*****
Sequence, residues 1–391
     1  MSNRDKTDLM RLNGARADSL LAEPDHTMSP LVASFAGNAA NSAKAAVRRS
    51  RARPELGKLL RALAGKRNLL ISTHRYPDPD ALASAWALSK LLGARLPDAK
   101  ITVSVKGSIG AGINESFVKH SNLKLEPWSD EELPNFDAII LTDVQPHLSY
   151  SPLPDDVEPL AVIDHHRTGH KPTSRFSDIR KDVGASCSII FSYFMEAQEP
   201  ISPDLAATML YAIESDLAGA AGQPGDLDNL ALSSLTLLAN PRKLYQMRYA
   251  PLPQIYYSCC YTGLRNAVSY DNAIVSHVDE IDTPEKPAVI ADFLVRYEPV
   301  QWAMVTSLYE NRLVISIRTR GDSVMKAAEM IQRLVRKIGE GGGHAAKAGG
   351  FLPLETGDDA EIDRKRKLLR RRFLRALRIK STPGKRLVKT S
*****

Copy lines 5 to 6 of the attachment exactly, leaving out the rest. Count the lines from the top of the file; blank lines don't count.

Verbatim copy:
   151  SPLPDDVEPL AVIDHHRTGH KPTSRFSDIR KDVGASCSII FSYFMEAQEP
   201  ISPDLAATML YAIESDLAGA AGQPGDLDNL ALSSLTLLAN PRKLYQMRYA